Too many dishes, too little time: Try a NOLA food tour
Let's say you're a tourist who has come to New Orleans to listen to music, eat, shop, eat, explore the Quarter, and eat. You have only three days, but you've gotten at least 50 restaurant recommendations from friends. You study menus, you consult Trip Advisor, and you cross-examine your hotel concierge. You agonize, then whittle down, and then mercilessly slash your list. It's your own Battle of New Orleans.
Lay down your weapon, pick up your fork. Welcome to the world of food tours. A food tour is a guided series of restaurant stops where folks sample iconic dishes, while hearing about the history of the the city and its cuisine. I tagged along this week on a Tastebuds Tour, to see what these happy tourists were smiling (and burping) about.
We started off at Serio's, and enjoyed muffalettas while our guide, Dave Thomas, explained how New Orleans' food has been influenced by the different groups who settled here: Native American, French, Spanish, African-American, German, Cajun, Irish, Sicilian, and Vietnamese. He told the story of the muffaletta (Hint: there's a reason there's no mayo), and made a good case for why olive salad is an essential life ingredient.
The next stop was Cafe Beignet, where Dave discussed local music venues while the group indulged in coffee and beignets. Then we headed to The Old Coffee Pot Restaurant, featured on the Food Network's Diners, Drive-Ins and Dives, to sample gumbo and jambalaya. The Old Coffee Pot is in a Spanish-era building, so Dave took the opportunity to tell us about different architectural styles in the Quarter.
By now, we were kind of full, so we took a short detour into The Spice & Tea Exchange, where Robin invited us to smell her amazing local spice blends. (Hint: great shopping opportunity.)
Back to eating. From Johnny's Po' Boys, we picked up a bag of roast beef po' boys, dressed. We walked a block and picnicked on the riverbank. While gravy dripped down our forearms, Dave related the history of the po' boy. (Hint: it has to do with a streetcar workers' strike.)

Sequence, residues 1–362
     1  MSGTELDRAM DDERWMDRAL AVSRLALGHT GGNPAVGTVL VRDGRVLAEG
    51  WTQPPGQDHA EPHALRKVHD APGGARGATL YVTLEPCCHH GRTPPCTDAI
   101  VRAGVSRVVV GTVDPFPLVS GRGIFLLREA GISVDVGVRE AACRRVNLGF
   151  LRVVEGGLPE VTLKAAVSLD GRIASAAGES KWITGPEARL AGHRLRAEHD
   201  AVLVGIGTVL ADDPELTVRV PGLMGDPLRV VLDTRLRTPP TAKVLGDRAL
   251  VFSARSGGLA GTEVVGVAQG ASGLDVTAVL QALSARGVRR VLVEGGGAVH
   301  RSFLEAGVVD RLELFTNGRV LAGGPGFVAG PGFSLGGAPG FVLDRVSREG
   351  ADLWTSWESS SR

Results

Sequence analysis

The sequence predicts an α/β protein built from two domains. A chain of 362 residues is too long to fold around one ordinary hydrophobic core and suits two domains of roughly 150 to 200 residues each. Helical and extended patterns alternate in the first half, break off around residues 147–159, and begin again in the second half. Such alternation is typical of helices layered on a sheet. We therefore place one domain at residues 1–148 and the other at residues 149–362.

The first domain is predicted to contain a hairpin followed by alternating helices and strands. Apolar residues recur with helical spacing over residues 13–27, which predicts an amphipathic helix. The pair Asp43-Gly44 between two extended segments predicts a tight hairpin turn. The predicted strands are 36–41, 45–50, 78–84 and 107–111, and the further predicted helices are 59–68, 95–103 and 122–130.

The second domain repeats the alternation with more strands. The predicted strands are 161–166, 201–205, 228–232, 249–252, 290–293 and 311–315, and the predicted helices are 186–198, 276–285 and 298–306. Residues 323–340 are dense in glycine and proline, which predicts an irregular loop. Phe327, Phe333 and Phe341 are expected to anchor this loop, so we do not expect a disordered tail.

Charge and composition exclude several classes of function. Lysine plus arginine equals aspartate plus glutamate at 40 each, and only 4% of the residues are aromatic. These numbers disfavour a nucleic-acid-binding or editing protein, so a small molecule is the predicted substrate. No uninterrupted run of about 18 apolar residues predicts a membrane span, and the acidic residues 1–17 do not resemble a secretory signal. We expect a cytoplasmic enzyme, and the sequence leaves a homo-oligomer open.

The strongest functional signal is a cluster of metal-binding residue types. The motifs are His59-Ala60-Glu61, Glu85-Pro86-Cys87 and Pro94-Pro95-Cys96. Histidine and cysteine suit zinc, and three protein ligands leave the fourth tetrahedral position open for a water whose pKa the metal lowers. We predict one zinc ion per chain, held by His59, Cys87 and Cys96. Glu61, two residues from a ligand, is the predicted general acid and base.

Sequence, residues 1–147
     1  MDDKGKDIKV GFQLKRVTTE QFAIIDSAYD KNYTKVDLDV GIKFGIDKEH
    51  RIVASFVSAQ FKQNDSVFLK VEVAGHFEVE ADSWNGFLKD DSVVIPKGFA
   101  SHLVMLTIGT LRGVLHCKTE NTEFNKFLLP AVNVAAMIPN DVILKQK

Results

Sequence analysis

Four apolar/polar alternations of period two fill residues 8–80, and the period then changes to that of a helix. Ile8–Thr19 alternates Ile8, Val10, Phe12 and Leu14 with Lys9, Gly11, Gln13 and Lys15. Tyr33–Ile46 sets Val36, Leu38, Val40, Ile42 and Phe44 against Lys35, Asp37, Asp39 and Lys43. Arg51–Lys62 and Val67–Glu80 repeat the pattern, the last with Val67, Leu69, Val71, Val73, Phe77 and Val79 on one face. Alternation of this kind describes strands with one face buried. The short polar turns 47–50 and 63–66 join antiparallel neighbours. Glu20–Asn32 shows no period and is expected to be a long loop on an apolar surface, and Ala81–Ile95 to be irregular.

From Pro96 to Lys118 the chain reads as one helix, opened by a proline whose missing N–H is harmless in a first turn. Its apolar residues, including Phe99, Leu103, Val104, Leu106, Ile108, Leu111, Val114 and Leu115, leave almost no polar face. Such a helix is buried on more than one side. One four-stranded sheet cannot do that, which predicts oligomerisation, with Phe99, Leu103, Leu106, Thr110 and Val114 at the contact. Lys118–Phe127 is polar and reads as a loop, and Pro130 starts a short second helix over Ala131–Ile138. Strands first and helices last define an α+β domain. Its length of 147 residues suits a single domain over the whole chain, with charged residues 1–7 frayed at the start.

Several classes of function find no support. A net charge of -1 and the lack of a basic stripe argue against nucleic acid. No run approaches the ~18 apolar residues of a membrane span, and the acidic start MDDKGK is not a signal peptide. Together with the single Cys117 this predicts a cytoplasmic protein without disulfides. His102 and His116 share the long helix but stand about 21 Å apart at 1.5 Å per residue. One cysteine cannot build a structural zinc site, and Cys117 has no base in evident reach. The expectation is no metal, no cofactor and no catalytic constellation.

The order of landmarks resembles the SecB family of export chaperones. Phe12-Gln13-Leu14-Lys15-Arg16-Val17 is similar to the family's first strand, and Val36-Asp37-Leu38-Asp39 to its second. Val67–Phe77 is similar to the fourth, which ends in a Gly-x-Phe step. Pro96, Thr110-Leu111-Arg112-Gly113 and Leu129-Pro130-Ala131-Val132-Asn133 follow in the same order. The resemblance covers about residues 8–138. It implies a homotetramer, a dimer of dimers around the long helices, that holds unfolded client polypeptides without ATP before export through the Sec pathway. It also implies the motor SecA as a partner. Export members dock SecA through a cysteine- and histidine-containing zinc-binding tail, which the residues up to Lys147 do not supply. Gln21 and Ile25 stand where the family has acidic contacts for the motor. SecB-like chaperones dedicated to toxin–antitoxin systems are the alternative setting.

We ended the tour at Laura's Candies, where Miss Rose encouraged us to sample pralines, as well as Mississippi Mud, which Dave refers to as "crack." (Hint: It's chocolate, and it's legal, but I should do jail time for inhaling an entire handful.)
I asked my co-eaters what their favorite food had been.
"Definitely the gumbo," said one lady from Australia.
"No doubt about it, the beignet," said someone from Arizona.
A man from Florida loved the muffaletta, but several people swore by the po' boy.
Would they recommend a food tour to friends coming to NOLA? "Absolutely," was the uniform reply.
The tour over, Dave asked if there were any last questions.
"Yes," replied one woman. "We're looking for a bar. Can you guide us?"
Of course he could.
New Orleans boasts several food tour options, including Tastebud Tours, New Orleans Culinary History Tours, Taste of New Orleans Food Tours, and French Quarter Culinary History and Tasting Tour.
Lynne Wasserman is a recovering attorney who writes about New Orleans for NolaVie. Email her at [email protected].